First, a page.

With the passing of epic-meister David Lean in 1991, numerous accolades and retrospective looks at his body of work became both needed and necessary. But none could have been more heartfelt than Maurice Jarre’s tribute at the Barbican in 1992. Now, thanks to Editions Milan, the world can share those very special performances in a nicely packaged DVD/CD set.
In 1962, wily producer Sam Spiegel approached Jarre to undertake a miracle of composing: in the space of 6 short weeks, write two hours of music for David Lean’s latest, Lawrence of Arabia. After a marathon view of over 40 hours of rushes, the French composer took up his pen and produced the first-ever Oscar-winning score for a foreigner. Naturally, Jarre was both excited and nervous about the project. On one hand he had to respond to the dictatorial edicts of Spiegel (but fully realizing that Lean always had the final say); on the other, what would the much-admired director think of the music? Reminiscing in French in an extensive interview with Christian Lauliac (also on the DVD), Jarre recalls, “After hearing what I’d written, he put his hand on my shoulder and said to Spiegel, ‘This young man should write all the music.’” And so a magical partnership was born.
The interview also delves into the reality of tax credits and hiring at home. To remain eligible for subsidy from the British government, a “local” would have to conduct the sessions. Since the London Philharmonic had already been engaged (ah, for more big-budget, top-of-the-line, full-orchestras for present-day productions) its regular music director, Sir Adrian Boult was engaged. But according to Jarre, it turned out that the famed maestro had no idea how time-code, projection and score markings worked—it fell to the far more experienced composer to put the project together. This is why Boult gets the credit for the film—Jarre for the separately released soundtrack—even though both came from the same source. This could be a dangerous confession in our austere times, perhaps the UK film office will want a refund.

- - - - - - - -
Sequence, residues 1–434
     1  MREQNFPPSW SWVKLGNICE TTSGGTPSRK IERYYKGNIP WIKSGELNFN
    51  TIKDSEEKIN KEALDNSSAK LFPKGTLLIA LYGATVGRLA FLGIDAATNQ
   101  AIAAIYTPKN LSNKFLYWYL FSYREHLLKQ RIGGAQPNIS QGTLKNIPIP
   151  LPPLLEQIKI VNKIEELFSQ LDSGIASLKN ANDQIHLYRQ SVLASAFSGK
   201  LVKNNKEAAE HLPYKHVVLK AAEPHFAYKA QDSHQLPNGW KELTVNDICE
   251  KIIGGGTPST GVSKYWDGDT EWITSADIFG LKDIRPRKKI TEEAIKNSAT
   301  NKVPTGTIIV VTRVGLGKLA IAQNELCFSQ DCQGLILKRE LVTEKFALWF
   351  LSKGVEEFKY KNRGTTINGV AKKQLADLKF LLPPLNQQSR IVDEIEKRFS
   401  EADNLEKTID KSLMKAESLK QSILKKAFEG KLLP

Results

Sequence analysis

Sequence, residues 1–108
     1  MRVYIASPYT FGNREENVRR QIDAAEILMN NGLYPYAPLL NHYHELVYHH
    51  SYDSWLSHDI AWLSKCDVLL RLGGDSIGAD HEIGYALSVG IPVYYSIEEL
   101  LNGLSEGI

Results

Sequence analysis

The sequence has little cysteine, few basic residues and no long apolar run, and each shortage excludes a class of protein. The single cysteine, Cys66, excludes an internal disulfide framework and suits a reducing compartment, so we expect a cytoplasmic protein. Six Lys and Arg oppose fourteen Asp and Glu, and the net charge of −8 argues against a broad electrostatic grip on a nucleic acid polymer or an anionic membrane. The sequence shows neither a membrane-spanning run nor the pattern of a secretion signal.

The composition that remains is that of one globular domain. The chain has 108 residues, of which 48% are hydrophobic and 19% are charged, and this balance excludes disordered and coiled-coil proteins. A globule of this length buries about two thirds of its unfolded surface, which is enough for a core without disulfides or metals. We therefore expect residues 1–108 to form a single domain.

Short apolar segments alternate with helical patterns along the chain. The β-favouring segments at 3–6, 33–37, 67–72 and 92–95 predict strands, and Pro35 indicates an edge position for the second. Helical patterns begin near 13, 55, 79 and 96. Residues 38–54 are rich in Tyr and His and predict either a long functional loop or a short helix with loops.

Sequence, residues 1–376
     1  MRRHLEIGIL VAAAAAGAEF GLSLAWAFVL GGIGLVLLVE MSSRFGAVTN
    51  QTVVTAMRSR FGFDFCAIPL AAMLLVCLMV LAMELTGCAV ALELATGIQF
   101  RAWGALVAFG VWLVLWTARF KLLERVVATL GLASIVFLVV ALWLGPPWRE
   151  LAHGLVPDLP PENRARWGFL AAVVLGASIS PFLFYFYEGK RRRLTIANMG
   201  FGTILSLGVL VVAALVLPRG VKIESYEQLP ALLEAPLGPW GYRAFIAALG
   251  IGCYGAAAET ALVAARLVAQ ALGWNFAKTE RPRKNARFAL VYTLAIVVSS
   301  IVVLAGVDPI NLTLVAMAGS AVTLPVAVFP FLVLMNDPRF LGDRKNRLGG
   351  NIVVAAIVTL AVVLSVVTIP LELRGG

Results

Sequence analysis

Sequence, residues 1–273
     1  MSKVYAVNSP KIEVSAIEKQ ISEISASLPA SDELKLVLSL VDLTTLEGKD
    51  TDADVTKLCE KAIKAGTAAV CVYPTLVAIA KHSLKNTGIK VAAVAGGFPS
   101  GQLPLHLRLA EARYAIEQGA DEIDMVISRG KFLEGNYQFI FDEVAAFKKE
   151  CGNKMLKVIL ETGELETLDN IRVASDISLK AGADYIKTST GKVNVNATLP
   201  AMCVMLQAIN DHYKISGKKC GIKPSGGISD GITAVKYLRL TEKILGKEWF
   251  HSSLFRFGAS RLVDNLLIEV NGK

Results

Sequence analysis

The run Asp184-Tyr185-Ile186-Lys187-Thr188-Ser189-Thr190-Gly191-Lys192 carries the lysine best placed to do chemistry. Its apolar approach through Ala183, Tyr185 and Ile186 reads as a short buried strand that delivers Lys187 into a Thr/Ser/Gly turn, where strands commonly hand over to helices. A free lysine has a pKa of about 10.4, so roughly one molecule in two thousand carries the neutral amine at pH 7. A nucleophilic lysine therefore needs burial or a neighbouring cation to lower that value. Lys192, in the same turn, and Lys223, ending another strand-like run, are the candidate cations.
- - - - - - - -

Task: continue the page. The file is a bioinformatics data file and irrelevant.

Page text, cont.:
Still, as the seven generous tracks on the DVD reveal, Jarre is an especially gifted composer/orchestrator but comes across as a bit “light” in the conducting department. Many changes in tempo make the music a tad untogether (notably the relaxation in Dr. Zhivago after the sleigh ride) or more exciting than intended (the brass in the early going of “Remembrance”); Jarre’s jerky style doesn’t match his legato lines so frequently relies on the band (particularly on quiet endings) to finish the phrase for him. No worries, the Royal Philharmonic Orchestra and its intrepid leader, David Towse are more than up to the task.
As is director/editor L.A. Johnson. Not surprisingly, some of the finest moments occur when the screen is filled with Lean’s images—frequently visible to the live audience as well—and the orchestra supports rather than leads the art. Anyone watching will come away with a much better understanding of how music is added to a film and the split-second timing that is required to synchronize what has already been unchangeably shot with what can ebb and flow at the drop of a beat. For some, these tastings will demand a trip to the DVD/video store to feast on the whole meal.
Quibbles aside, here’s a “special edition” that truly lives up to its name and a “thank you” of an especially appropriate kind for such a creative, uncompromising talent as Lean’s. The edited-in clips of the director-at-work reveal his passion and joy just as readily as every bar of Jarre’s music. JWR